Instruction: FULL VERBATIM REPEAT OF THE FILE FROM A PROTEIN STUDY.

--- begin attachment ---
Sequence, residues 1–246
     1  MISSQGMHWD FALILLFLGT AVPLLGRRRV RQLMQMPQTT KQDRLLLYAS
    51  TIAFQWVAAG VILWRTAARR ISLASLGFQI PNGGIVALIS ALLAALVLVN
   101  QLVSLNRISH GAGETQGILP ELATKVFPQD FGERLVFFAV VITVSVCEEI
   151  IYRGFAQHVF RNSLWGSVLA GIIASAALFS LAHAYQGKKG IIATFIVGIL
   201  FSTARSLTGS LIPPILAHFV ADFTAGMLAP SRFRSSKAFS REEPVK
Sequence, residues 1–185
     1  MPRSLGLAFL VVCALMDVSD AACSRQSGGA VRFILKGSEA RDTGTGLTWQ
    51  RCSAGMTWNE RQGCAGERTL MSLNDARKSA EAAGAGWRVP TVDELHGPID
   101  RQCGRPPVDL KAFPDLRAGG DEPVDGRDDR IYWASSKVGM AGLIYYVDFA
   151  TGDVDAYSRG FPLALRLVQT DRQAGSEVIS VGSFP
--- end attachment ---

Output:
Sequence, residues 1–246
     1  MISSQGMHWD FALILLFLGT AVPLLGRRRV RQLMQMPQTT KQDRLLLYAS
    51  TIAFQWVAAG VILWRTAARR ISLASLGFQI PNGGIVALIS ALLAALVLVN
   101  QLVSLNRISH GAGETQGILP ELATKVFPQD FGERLVFFAV VITVSVCEEI
   151  IYRGFAQHVF RNSLWGSVLA GIIASAALFS LAHAYQGKKG IIATFIVGIL
   201  FSTARSLTGS LIPPILAHFV ADFTAGMLAP SRFRSSKAFS REEPVK
Sequence, residues 1–185
     1  MPRSLGLAFL VVCALMDVSD AACSRQSGGA VRFILKGSEA RDTGTGLTWQ
    51  RCSAGMTWNE RQGCAGERTL MSLNDARKSA EAAGAGWRVP TVDELHGPID
   101  RQCGRPPVDL KAFPDLRAGG DEPVDGRDDR IYWASSKVGM AGLIYYVDFA
   151  TGDVDAYSRG FPLALRLVQT DRQAGSEVIS VGSFP